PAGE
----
A novel regulator of p53 function

Project: Research project

Description

DESCRIPTION (provided by applicant): The p53 tumor suppressor gene product is a key mediator of cell cycle arrest and apoptosis in response to genotoxic stress. These responses are essential to prevent the emergence of transformation-prone cells with unstable genomes. The biological role of p53 as a DNA damage checkpoint is directly attributable to its biochemical function as a sequence-specific transcriptional activator. Indeed, nearly all cancer-associated p53 mutations abrogate this function. The transactivation function of p53 requires accessory protein complexes, the coactivators, such as the p300/CBP family. We have identified hADA complex, the homologue of the yeast ADA complex, as a novel coactivator of p53. We hypothesize that histone acetyl transferase (HAT)-containing hADA complex, either by itself or in concert with p300/CBP, regulates either the extent or the nature of p53-mediated DNA damage response by acetylating p53 and chromatin-associated histones in p53 target promoters.To address these hypotheses, we will first characterize the components of human ADA complex in cells under study, determine if ADA3 is the component that recruits ADA complex to p53, as our preliminary results suggest, and use mutagenesis to map the ADA3 and p53 domains, that mediate their interaction. We will use overexpression and dominant-negative approaches to investigate if ADA complex functions as a coactivator for p53, and determine if coactivator function relates to histone acetylation on p53 target gene promoters and/or p53 acetylation. Finally, we will quantify p53-mediated cell cycle arrest and apoptotic responses to DNA damage to assess the role of ADA complex versus p300/CBP in regulating p53-mediated DNA damage response, using overexpression as well as dominant-negative strategies. A successful outcome of the proposed studies should identify a novel mechanism for regulating p53-mediated DNA damage response, and provide potential targets for future development of diagnostic agents and rational therapeutics for human cancer.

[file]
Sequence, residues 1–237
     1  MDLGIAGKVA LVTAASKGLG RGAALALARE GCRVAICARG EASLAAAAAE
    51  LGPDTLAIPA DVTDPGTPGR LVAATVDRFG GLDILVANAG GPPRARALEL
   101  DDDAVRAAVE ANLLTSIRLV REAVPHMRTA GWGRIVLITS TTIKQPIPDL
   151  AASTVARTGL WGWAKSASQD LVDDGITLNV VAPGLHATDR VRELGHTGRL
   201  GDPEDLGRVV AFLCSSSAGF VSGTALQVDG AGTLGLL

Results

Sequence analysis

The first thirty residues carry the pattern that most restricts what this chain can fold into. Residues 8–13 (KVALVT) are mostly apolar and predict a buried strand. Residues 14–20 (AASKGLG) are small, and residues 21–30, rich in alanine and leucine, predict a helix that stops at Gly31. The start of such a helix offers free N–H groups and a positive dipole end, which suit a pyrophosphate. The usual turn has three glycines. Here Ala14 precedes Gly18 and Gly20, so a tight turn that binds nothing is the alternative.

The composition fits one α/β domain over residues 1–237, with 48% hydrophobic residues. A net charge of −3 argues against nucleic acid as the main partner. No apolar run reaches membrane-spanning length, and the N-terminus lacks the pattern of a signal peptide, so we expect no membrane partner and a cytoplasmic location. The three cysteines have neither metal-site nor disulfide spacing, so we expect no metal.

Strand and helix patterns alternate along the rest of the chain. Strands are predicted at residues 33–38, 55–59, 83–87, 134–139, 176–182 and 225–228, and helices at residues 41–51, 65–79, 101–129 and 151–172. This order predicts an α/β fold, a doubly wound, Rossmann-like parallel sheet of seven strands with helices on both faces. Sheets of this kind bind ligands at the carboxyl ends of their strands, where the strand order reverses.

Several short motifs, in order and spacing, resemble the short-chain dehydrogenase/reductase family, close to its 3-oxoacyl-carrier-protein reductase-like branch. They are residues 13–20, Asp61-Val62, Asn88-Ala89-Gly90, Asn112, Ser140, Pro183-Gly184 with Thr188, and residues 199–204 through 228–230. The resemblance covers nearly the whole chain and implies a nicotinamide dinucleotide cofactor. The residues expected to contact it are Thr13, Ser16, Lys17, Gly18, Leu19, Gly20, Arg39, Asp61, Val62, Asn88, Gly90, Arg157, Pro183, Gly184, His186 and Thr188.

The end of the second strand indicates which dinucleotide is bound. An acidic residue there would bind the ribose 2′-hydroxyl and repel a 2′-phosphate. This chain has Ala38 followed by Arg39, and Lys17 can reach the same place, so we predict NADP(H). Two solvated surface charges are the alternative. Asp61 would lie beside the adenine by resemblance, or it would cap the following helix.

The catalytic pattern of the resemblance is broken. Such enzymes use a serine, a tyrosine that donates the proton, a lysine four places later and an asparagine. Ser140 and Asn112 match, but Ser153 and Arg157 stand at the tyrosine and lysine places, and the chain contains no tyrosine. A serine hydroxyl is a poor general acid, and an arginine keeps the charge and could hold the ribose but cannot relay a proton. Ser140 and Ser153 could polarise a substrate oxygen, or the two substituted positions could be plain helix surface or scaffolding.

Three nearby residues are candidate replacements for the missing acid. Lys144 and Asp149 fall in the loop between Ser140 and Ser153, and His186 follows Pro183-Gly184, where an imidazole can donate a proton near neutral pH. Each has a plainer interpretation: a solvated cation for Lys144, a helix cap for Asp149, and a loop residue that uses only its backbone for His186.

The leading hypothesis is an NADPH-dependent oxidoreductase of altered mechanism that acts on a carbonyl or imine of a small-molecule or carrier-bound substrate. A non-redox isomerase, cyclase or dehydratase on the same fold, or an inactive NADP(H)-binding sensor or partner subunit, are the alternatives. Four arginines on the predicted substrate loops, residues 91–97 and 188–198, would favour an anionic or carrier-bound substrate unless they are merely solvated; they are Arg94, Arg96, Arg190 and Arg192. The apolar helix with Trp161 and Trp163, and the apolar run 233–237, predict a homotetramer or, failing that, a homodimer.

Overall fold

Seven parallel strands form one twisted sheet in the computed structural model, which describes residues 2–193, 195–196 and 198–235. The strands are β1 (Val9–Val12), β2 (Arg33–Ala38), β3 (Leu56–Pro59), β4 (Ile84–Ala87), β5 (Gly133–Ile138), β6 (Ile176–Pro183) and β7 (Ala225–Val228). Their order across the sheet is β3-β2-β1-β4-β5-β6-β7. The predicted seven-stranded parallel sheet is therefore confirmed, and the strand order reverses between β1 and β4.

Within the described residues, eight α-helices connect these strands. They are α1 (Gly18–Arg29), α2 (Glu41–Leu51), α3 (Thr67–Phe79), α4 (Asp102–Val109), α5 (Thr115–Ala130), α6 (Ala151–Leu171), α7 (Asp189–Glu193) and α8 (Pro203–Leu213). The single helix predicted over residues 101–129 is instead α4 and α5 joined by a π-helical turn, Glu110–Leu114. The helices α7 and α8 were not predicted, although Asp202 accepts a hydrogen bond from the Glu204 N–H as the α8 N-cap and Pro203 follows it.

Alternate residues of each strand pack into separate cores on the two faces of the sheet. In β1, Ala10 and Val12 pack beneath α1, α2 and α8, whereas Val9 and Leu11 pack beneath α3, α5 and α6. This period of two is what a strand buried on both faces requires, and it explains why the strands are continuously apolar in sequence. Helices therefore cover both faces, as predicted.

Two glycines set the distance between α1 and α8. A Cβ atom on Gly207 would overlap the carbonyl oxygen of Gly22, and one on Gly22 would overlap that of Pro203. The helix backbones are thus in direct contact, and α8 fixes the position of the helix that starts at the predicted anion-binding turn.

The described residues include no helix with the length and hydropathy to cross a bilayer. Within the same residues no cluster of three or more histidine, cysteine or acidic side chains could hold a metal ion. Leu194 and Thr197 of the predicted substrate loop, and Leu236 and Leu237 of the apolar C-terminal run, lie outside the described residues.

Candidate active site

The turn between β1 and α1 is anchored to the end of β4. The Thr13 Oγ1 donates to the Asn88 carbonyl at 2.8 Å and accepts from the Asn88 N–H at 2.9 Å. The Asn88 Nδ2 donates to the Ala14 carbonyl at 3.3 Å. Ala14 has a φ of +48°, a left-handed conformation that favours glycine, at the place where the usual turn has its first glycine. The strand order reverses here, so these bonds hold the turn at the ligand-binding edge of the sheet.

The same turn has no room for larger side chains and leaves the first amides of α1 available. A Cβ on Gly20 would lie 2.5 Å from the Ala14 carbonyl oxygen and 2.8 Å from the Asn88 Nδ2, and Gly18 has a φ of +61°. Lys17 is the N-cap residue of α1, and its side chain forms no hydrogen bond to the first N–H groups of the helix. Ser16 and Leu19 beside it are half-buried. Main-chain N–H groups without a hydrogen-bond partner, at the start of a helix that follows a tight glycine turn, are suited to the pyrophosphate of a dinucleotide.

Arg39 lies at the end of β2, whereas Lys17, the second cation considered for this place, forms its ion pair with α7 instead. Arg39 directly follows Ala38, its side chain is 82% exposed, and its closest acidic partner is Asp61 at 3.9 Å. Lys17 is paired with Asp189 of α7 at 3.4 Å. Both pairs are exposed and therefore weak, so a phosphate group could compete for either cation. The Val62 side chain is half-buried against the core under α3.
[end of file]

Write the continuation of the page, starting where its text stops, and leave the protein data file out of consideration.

StatusFinished
Effective start/end date8/15/027/31/13

Funding

  • National Institutes of Health: $260,621.00
  • National Institutes of Health: $288,063.00
  • National Institutes of Health: $253,086.00
  • National Institutes of Health: $252,802.00
  • National Institutes of Health: $201,390.00
  • National Institutes of Health: $264,202.00
  • National Institutes of Health: $270,560.00
  • National Institutes of Health: $68,982.00
  • National Institutes of Health: $270,560.00
  • National Institutes of Health: $270,560.00
  • National Institutes of Health: $260,621.00

Fingerprint

DNA Damage
Acetylation
Histones
Transferases
Transcriptional Activation
Cell Cycle Checkpoints
Tumor Suppressor Genes
Proteins
Neoplasms
Genes
Yeasts
Genome
Apoptosis
Missense Mutation
Knockout Mice
DNA Repair
Carcinogens
Small Interfering RNA
Carcinogenesis
Transcription Factors

ASJC

  • Medicine(all)